Improving Ourselves to Death

New YOrker offers a series of quickie overviews of books on self-improvement, periodically spiced with sharp observations on the trends in self-improvement. Here’s one of the reviews:

“In a consumerist society, we are not meant to buy one pair of jeans and then be satisfied,” Cederström and Spicer write, and the same, they think, is true of self-improvement. We are being sold on the need to upgrade all parts of ourselves, all at once, including parts that we did not previously know needed upgrading. (This may explain Yoni eggs, stone vaginal inserts that purport to strengthen women’s pelvic-floor muscles and take away “negative energy.” Gwyneth Paltrow’s Web site, Goop, offers them in both jade and rose quartz.) There is a great deal of money to be made by those who diagnose and treat our fears of inadequacy; Cederström and Spicer estimate that the self-improvement industry takes in ten billion dollars a year. (They report that they each spent more than ten thousand dollars, not to mention thousands of hours, on their own quests.) The good life may have sufficed for Plato and Aristotle, but it is no longer enough. “We are under pressure to show that we know how to lead the perfect life,” Cederström and Spicer write.”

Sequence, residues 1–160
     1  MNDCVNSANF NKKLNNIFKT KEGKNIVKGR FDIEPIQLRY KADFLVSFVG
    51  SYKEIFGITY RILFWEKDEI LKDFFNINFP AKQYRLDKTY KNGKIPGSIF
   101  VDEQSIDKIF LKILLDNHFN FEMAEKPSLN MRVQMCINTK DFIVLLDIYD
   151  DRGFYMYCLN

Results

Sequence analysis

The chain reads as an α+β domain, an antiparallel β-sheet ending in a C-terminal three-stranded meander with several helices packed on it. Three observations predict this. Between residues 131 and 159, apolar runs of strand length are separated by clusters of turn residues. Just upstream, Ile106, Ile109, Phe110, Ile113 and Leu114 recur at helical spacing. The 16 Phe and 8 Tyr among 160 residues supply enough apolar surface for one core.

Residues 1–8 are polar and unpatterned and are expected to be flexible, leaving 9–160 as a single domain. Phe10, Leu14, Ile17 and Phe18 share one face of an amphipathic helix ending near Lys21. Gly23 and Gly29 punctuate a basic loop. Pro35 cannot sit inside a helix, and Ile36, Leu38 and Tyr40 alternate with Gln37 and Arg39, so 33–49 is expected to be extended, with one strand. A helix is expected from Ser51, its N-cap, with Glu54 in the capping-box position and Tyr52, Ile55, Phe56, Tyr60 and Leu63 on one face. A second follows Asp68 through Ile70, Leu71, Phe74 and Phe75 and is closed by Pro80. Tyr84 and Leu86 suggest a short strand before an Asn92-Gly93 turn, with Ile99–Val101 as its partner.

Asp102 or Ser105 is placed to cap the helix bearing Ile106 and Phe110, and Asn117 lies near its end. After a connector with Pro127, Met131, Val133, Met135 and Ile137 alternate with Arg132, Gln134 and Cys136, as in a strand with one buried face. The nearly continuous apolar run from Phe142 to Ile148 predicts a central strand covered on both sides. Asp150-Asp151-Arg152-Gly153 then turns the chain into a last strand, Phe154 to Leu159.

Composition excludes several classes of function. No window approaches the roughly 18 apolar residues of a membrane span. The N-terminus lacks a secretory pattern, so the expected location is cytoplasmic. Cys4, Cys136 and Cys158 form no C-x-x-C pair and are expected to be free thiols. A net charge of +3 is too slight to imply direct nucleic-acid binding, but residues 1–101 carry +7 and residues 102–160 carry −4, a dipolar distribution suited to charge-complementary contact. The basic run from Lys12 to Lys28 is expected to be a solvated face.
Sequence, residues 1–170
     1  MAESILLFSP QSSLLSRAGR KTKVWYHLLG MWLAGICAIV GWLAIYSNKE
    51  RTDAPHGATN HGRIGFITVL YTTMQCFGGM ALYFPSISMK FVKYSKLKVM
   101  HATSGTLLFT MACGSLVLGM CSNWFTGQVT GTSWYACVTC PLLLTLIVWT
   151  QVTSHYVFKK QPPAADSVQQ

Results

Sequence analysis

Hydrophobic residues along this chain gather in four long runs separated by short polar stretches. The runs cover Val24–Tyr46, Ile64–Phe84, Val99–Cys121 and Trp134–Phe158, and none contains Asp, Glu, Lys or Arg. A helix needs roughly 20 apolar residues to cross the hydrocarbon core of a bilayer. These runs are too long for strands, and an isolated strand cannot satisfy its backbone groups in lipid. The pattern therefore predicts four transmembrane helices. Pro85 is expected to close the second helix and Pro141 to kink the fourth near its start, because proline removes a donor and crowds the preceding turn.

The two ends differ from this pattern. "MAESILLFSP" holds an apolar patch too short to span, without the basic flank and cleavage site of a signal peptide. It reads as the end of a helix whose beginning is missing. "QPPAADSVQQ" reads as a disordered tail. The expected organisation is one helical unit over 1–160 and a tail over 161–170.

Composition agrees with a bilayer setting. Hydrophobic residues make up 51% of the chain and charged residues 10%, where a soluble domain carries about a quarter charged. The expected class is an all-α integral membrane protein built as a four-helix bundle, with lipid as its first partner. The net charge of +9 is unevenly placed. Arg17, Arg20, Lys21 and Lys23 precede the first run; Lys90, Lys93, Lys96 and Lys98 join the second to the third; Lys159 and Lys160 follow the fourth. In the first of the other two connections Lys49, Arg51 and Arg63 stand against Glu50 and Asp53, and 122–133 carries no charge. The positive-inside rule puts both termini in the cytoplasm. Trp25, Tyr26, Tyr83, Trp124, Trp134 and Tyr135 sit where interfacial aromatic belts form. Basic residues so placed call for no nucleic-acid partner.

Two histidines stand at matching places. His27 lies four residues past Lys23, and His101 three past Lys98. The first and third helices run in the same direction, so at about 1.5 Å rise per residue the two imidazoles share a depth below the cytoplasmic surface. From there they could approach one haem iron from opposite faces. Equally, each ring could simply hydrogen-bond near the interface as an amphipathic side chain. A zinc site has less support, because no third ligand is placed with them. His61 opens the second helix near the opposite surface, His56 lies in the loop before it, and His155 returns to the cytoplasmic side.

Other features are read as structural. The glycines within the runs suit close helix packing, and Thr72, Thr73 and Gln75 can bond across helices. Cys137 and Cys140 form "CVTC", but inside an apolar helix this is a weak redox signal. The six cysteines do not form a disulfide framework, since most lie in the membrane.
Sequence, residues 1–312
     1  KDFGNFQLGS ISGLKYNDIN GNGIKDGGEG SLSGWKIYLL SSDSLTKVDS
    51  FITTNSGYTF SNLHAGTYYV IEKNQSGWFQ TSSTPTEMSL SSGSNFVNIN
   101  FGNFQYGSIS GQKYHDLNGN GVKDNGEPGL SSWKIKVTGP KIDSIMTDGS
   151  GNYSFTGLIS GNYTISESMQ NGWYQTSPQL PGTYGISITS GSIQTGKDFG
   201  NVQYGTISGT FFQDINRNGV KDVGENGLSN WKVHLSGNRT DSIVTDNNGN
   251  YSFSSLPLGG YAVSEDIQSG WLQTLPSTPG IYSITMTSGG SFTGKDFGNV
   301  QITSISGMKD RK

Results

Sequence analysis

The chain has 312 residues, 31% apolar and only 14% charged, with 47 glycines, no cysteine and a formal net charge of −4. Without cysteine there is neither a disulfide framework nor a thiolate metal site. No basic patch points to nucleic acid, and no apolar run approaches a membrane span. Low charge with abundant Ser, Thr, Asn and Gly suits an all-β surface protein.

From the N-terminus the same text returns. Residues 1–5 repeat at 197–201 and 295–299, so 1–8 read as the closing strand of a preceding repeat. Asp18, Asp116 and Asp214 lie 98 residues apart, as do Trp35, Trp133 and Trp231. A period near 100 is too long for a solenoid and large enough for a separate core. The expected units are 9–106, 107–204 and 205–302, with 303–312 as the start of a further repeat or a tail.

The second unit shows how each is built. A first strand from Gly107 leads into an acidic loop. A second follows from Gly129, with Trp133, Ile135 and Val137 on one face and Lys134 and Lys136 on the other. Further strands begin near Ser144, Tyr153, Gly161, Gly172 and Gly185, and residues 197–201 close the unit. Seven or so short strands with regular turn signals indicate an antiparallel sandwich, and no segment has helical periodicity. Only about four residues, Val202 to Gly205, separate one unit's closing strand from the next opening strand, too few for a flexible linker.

The New Yorker authors note this self-improvement thing is heavily influenced by culture and era, and they go back ten years to show a different idea about self-improvement (wishful thinking, basically, from The Secret).

It’s not that self-improvement is all that new, but what we view as self improvement does change over time.  Note the differences between Benjamin Franklin’s system of self-improvement and our modern approach:

“It was about this time I conceived the bold and arduous project of arriving at moral perfection. I wished to live without committing any fault at any time; I would conquer all that either natural inclination, custom, or company might lead me into.”